The most important part of any successful organisational transformation is People. They are the heart of an organisation and hence core to the transformation journey.
People need to be involved, supported and empowered. If you’ve already implemented the steps and processes to achieve business agility, focusing on improving things for your employees will be integral to a successful transformation.
Here are four recommendations to employ in the creation of a people-first, agile organisation.
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Knowledge, resources and tools
It is imperative to level the playing field and empower all team members with knowledge, resources and tools. Transparency allows every motivated team member to excel and feel valued. They are both able and feel encouraged to contribute to the success of the team and their mission. As a result, teams become more competent and capable.
Self-assessment and Improvement
Continuous inspection of practices, competencies and processes allows flaws to be uncovered and addressed quickly. Teams can work out the kinks together and as they improve themselves and their way of working, they are able to deliver value more efficiently. Such behaviours of self-assessment and improvement need to be cultivated so that the teams figure out how they work best. It also eliminates the pressure of external audits, the distraction of third parties and the risk of a blame culture.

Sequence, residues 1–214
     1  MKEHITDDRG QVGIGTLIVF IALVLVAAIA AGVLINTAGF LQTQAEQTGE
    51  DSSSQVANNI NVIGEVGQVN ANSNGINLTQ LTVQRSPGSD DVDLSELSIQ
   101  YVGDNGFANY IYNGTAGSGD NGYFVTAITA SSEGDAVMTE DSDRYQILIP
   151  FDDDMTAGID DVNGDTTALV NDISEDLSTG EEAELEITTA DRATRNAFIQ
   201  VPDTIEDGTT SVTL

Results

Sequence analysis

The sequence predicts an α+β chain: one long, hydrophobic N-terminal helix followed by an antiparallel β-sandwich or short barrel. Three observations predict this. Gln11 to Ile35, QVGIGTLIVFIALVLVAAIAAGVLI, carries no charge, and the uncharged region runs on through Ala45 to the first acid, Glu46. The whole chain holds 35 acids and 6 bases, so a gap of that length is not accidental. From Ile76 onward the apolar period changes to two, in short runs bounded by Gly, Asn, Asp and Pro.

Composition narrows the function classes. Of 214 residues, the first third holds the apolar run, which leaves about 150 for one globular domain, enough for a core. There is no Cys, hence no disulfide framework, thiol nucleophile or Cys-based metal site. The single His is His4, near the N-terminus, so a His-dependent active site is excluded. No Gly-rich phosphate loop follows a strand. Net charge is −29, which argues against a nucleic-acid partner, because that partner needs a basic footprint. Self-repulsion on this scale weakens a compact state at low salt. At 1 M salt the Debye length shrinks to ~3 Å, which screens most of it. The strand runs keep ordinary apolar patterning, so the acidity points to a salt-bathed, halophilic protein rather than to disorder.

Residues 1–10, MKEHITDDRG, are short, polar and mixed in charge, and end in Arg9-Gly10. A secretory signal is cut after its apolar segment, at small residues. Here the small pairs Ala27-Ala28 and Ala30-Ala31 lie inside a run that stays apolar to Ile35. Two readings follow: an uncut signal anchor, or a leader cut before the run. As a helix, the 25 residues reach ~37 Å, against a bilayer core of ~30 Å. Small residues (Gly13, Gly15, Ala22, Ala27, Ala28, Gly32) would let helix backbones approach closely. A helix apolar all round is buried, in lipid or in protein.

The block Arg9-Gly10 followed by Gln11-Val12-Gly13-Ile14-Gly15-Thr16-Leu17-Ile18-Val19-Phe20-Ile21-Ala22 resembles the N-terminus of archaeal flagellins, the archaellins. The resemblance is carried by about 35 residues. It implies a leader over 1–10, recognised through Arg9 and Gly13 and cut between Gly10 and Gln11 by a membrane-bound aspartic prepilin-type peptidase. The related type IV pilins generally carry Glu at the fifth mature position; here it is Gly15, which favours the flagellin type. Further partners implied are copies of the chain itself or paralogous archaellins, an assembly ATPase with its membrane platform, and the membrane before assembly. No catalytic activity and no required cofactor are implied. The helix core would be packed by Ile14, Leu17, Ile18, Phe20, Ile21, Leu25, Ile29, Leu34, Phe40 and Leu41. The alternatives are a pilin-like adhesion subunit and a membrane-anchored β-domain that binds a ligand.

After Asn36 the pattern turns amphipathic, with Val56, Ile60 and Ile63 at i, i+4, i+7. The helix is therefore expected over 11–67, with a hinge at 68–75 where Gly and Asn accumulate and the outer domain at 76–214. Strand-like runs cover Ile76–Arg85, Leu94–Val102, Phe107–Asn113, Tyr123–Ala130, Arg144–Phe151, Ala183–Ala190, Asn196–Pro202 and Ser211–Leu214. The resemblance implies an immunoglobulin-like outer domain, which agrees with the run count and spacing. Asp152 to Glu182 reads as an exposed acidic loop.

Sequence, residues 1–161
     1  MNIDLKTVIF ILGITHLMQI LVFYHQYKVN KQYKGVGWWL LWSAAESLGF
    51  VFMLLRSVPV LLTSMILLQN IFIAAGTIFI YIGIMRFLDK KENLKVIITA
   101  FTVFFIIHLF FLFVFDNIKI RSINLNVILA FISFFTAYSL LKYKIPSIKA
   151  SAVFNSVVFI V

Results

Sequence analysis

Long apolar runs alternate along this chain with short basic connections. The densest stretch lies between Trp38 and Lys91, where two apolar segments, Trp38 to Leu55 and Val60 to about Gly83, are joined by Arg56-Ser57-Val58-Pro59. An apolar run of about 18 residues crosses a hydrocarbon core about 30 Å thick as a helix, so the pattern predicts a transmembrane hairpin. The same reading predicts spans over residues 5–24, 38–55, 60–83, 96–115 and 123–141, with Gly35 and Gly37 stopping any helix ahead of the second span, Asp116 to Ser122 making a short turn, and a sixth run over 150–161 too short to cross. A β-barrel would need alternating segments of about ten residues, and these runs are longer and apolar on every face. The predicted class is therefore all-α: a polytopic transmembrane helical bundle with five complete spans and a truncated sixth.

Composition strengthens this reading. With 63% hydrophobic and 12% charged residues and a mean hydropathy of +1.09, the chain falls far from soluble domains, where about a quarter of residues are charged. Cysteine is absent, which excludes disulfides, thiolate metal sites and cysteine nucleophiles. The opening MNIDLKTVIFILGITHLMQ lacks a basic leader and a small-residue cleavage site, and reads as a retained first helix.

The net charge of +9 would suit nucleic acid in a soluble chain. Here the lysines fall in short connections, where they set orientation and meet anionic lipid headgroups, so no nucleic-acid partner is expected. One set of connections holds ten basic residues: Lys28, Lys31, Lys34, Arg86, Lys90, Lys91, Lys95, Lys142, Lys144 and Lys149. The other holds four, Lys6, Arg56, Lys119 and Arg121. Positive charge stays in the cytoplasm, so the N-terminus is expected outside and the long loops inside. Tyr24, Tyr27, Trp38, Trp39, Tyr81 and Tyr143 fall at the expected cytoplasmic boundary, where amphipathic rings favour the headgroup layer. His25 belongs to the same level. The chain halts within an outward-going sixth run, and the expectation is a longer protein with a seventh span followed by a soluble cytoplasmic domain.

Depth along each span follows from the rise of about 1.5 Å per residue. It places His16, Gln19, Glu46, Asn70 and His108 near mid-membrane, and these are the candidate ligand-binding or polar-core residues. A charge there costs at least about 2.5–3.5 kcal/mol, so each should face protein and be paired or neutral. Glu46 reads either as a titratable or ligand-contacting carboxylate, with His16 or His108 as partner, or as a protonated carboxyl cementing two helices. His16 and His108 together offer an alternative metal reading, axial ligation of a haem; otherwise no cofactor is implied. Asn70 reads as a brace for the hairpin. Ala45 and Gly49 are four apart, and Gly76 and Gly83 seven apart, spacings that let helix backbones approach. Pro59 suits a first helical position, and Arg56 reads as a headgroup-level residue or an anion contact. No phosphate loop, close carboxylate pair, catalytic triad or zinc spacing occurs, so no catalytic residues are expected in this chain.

Incentives are a powerful way of accelerating the adoption of certain behaviours. Teams are not only motivated but feel appreciated and valued. This encourages their commitment to the mission. The kind of incentives used is ultimately up to the stakeholders and the team members to agree.
Align all stakeholders, leadership and teams on the vision, goals and the user needs. Business value metrics should quantify the users’ needs and business benefits. It is a waste to build a product that no one needs, wants or finds useful. And when developing a people-first organisation, it is important that the team is constantly challenged and able to complete their work with minimal disruptions.
Having them work on projects that are constantly at risk of being cancelled or postponed indefinitely can create apathy. Apathy will negatively impact motivation and commitment. A user-centric approach will help align business goals with the expectations that the development team are aware of how their customers consume the product and can therefore, plan accordingly to satisfy those needs without being fearful of not hitting a business expectation.
Much more goes into creating a People-first organisation. The above four are good starting points but this process is much less of a sprint and more of a marathon. It requires active participation, an ego-less approach and a willingness to listen and change based on feedback.